(Today’s blog post is part of the Blogging From A to Z Challenge during which writers all over the world blog each day in April based on a corresponding letter of the alphabet. These are my personal stories about living with Trigeminal Neuralgia, the most painful diagnosis known to man.)
I’m an overthinker. I like to look at situations from all angles to figure how many ways things can go wrong. It’s a blessing and a curse. Overthinking may have served me well professionally, but personally, not so much. I occasionally throw myself into a spiral of obsession about really stupid things like why my black stove is such a pain to keep clean. (But seriously, how do you get rid of the streaks?) And when I was first put on Tegretrol (the first TN drug I tried), my overthinking obsessiveness kicked into high gear. And then I kicked the Tregetrol.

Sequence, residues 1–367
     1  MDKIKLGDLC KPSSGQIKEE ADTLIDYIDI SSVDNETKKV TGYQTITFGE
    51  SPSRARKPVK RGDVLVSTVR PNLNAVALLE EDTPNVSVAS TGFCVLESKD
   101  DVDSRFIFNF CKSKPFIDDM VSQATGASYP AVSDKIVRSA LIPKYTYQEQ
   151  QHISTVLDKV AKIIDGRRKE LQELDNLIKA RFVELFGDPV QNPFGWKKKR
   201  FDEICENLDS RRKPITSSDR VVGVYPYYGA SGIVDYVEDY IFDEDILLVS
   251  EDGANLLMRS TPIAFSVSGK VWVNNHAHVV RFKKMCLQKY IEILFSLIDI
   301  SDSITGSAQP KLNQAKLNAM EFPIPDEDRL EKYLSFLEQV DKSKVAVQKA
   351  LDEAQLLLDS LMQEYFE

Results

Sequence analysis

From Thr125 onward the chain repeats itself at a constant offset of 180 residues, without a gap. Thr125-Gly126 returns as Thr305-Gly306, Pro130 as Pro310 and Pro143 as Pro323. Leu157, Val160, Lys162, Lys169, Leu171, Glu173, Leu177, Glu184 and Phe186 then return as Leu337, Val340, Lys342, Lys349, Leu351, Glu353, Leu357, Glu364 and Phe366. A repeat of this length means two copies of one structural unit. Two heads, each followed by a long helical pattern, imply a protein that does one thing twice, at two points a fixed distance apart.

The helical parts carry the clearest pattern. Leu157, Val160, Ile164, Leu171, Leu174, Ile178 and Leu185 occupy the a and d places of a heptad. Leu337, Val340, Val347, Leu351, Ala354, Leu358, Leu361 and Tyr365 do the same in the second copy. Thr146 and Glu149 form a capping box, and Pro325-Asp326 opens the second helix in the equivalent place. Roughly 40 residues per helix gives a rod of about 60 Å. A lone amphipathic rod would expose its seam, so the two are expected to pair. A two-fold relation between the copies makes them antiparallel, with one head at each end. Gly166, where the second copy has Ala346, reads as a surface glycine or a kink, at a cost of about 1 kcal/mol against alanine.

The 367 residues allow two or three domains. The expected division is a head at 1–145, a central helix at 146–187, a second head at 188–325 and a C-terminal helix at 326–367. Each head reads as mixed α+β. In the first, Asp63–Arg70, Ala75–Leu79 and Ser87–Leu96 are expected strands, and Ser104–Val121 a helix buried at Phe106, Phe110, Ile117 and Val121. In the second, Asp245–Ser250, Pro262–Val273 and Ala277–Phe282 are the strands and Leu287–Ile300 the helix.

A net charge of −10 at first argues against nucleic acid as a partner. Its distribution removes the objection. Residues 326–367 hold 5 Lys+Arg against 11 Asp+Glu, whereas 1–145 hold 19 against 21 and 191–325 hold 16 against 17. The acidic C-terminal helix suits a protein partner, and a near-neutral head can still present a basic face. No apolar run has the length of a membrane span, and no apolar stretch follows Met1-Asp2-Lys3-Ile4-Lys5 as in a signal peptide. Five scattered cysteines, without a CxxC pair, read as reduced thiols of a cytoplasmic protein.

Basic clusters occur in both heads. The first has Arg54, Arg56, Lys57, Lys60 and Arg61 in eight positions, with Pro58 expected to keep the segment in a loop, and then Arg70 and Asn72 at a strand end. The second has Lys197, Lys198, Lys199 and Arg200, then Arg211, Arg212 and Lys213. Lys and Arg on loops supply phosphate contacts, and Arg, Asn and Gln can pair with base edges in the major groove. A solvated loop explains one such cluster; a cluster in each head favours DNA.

But here’s something interesting…I never spend a lot of time overthinking my TN. I’ve never asked “Why did this happen to me?” I wonder how it happened in terms of a root cause, but never “Why me.”
I know a lot of people view events in their life as “God’s Plan” and I mean no disrespect to anyone who finds comfort in that philosophy (or theology, I suppose). But I don’t think God had anything to do with it. It’s not like He’s up there in Heaven holding a giant remote control with channels set for every human. I doubt He’s thinking, “Let’s see what’s going on with ol’ Sal down there. Maybe we can shake things up a bit.” Nor do I believe it is in anyway punitive or penance for anything I’ve done. The God I believe in doesn’t do stuff like that.
I just think, “It is what it is” and deal with it. And the “why” is far less important to me than the “how did this happen” and “what can I do about it”. Those are the questions I’d like to answer, although the solutions aren’t so easy to derive. And I’ve decided it’s healthier to let those answers unfold to me rather than trying to think of all the scenarios.
In the meantime, I’m gonna get the Windex and clean my stove.